10. I like these jackets, I’ll be looking at purchasing one in the future. Other manufacturers should make pit zips as nice as these…..

  11. When it comes to non-breathable rain jackets….this one, or the Warbonnet Stash?

  12. I got one many years ago based on your first review, never even realized the zipper wasn’t waterproof. I guess it’s been that effective for me, but the upgrade removing the long flap looks appealing. I do still want some sort of zippered front pocket because I’ve had stuff fall out of the pockets.

  13. FWIW, with the upgrades for the new model the increased from $125 to $150.

  14. I bought this rain jacket after an earlier review comparing DWR and several syl-poly rain jackets. I called the LionHeart people to discuss sizing and whether or not to shorten the sleeves. I bought a women’s small in magenta. Their advice was that the extra sleeve length could be a plus since I was buying this to wear bicycling. As they predicted, the extra length was taken up by the forward reach. I went through days of heavy rains on a multistate ride, and yes, I did get damp inside from perspiration. But I did not get chilled. I appreciated having multiple pockets and did not miss having zippers since the pockets are quite deep, but a zippered pocket can be nice. I might add a bit of velcro to one pocket.

  15. Hi Philip,

    Thanks for your great reviews. I bought a black version-light and waterproof from the outside. My only complaint is that my credit card got stolen off the web after I paid Lightweight Gear-they charged around $2000 which I am trying to recuperate. My email address also got stolen and I am dealing with hundreds of spam emails daily. Likely will only buy off of Amazon in future! One day they’ll be an internet suit we can use against these thieving bastards!

  16. It really is a shame that none of the Lightheart Gear rain jacket pockets have zippers. How deep are the interior pockets? I would like to be able to stash a rolled up pull-over fleece hat layered with a fleece ear-covering headband (hey, my ears get extra-cold) in one pocket and small-volume gloves (not liners) in the other pocket. I want to try a silnylon rain jacket after having had my 3 year old Marmot PreCip completely soak through the outer fabric in constant light to moderate rain this summer. Admittedly, I didn’t know that I should have been washing the PreCip jacket, I have rolled it up to put in a day pack, and I have used the jacket very frequently as a mere light shell for city use in fall or spring weather. I am largely a day hiker sometimes hiking trails that take me 5 to 7 hours, and usually avoid hiking when there is a good chance of rain, but weather is unpredictable. I am worried about getting soaked through in 40 or 50 degree weather, because I don’t think that I would be able to hike quickly enough on the slippery uneven rock and root-strewn trails to be able to avoid hypothermia. I thought about getting a new PreCip and treating it more carefully, however, now the lining is flaking badly (my clothing looks like I have dandruff), so that doesn’t say much about durability. The LHG rain jacket has one very important feature for me – it comes in blaze orange. I hike a fair amount on trails adjacent to hunting areas, and the hunting seasons are fairly long in Missouri.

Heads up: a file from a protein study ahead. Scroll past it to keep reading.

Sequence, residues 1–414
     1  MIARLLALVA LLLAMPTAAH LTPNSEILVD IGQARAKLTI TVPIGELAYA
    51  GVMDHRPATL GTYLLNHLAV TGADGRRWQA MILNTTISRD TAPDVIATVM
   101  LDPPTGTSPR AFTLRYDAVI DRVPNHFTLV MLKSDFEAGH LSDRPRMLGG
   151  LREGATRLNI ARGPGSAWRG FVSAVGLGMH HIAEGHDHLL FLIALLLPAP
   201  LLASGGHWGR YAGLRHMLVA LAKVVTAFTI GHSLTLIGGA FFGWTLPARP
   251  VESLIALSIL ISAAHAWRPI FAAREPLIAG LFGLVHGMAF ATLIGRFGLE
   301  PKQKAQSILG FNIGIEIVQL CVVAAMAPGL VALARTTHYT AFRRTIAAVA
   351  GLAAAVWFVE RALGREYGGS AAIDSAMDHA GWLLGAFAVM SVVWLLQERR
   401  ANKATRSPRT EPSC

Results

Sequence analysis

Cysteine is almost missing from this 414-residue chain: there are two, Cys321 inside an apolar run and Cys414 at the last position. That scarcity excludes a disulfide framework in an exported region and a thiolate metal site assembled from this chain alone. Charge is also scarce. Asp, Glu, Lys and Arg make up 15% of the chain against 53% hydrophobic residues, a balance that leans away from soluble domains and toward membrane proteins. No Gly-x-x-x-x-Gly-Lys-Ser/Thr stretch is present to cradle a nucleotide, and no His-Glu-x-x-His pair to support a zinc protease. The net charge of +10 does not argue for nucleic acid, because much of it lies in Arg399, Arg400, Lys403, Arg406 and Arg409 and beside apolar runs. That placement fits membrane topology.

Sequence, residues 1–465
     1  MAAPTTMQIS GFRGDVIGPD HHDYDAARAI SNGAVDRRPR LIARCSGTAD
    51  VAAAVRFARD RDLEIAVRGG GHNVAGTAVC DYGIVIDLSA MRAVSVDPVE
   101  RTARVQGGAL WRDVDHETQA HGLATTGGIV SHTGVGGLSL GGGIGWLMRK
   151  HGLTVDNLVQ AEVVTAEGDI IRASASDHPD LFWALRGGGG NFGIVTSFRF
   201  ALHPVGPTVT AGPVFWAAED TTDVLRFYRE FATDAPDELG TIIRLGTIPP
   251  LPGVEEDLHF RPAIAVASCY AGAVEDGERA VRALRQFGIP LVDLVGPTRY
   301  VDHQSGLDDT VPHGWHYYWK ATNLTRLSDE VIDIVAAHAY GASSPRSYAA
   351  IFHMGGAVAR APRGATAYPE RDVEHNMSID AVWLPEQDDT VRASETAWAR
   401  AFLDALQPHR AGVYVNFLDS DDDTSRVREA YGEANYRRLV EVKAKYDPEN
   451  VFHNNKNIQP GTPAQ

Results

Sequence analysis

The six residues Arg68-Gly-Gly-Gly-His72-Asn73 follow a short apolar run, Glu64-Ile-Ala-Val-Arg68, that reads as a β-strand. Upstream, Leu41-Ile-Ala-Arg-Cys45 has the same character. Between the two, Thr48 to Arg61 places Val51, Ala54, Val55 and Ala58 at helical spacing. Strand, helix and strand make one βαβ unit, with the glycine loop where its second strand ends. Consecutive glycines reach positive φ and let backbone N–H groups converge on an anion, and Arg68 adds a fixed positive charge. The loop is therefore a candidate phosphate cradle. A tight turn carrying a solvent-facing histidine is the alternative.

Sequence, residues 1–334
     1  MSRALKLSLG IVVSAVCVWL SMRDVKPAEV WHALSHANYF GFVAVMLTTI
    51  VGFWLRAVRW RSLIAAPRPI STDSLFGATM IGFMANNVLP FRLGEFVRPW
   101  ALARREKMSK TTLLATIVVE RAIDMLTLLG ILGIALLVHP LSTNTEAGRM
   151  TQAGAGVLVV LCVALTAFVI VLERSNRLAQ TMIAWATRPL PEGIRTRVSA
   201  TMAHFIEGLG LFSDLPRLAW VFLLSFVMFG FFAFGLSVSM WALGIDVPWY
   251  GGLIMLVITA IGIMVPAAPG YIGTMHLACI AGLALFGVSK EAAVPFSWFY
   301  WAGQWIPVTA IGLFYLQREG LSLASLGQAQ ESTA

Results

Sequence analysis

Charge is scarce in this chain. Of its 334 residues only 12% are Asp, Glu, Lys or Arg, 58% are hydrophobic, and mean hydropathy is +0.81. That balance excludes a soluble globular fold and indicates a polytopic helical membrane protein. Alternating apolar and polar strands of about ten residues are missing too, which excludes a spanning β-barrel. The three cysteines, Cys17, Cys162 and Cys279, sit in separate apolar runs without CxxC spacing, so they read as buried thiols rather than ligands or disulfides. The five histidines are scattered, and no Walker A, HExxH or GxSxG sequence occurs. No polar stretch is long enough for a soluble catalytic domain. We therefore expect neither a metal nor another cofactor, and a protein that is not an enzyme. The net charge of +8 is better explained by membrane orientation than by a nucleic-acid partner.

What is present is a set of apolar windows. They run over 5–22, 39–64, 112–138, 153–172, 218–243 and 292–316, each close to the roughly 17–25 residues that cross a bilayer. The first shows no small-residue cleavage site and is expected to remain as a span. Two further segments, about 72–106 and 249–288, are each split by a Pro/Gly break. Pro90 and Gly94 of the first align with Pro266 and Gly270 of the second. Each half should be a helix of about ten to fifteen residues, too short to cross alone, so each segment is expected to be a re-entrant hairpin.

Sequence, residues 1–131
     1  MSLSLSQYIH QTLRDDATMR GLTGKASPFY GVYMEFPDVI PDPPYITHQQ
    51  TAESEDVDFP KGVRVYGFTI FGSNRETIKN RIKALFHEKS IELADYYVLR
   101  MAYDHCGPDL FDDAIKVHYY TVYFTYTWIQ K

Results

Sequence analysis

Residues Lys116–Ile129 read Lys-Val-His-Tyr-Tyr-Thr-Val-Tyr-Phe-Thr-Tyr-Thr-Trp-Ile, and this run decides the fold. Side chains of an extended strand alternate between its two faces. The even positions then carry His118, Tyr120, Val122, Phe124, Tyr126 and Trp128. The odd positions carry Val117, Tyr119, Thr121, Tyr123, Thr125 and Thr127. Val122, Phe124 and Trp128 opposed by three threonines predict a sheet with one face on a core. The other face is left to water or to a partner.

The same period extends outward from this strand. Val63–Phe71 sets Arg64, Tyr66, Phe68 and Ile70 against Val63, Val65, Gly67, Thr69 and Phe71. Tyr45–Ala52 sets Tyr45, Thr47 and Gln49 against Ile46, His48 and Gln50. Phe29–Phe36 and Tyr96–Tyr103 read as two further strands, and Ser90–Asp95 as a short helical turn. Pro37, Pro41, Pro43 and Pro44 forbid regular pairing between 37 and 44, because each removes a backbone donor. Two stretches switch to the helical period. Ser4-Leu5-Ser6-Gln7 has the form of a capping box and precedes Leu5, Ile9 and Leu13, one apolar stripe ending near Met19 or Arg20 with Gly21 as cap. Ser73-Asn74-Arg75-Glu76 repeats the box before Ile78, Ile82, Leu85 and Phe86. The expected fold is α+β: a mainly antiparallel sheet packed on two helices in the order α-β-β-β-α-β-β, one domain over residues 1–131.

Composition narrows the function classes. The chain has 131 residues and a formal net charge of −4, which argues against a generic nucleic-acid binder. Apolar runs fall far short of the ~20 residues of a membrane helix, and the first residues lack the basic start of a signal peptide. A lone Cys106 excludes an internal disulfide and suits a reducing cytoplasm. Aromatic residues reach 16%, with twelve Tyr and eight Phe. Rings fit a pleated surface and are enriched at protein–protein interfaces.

• I thru hiked the Ozark Trail in November 2022 (deer season). I bought a blaze orange one for that very reason. I wrapped it around my pack most days, but actually wore it for a couple of rainy days and used it to block wind on a few. And believe me, those “slippery uneven rock and root-strewn trails” are no joke. Especially when those baseball size rocks are covered in leaves or an inch of snow. At the end I swore I’d never do it again, but if they get it extended then I might have to do it again. Anyway, I’m very happy with the jacket and it did exactly what it should, plus it’s blaze orange. I probably shouldn’t say this, but Missouri hunters have a bad reputation for shooting things other than game, like cattle. Lol

  17. Did they address the short arm length issue of the original jacket?

  18. 15% off during BF sale…

  19. How would you compare this to the antigravity gear 2.0 version? They seem to have added some of the features that had been missing to be more like the LHG. Thinking of ditching my Helium for either LHG or AGG.

  20. That’s about what I was thinking. That cranberry from LHG is awfully tempting. I mean, I’m from Cape Cod originally and my great uncle was nicknamed Cranberry.

  21. Hi Philip,
    Seemingly this jacket is sold by Dutchware too, but $25 cheaper on Dutchware’s site.
    Any idea why that would be?
    The old style, not seam taped?

      • Per LightHeart Gear regarding their jackets sold by Dutchware.
        “Those rain jackets have bound seams and non-waterproof zippers.”

        Hence the $25 difference. Dutchware sells the older jackets for $125. LHG sells the new jackets for $150.

        I’m not trying to sabotage anyone here, just think it is important that consumers know what they are getting for their $$$.

        I appreciate your review, Philip.
        Thank you.

Leave a Reply

Your email address will not be published. Required fields are marked *